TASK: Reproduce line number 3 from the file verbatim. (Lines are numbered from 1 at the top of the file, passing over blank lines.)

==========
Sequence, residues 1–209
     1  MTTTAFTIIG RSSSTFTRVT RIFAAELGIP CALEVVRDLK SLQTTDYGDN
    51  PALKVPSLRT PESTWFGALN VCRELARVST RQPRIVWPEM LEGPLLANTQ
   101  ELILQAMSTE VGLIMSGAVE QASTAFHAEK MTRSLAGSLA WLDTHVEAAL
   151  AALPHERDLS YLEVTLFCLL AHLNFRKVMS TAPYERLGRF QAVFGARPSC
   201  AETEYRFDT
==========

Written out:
    51  PALKVPSLRT PESTWFGALN VCRELARVST RQPRIVWPEM LEGPLLANTQ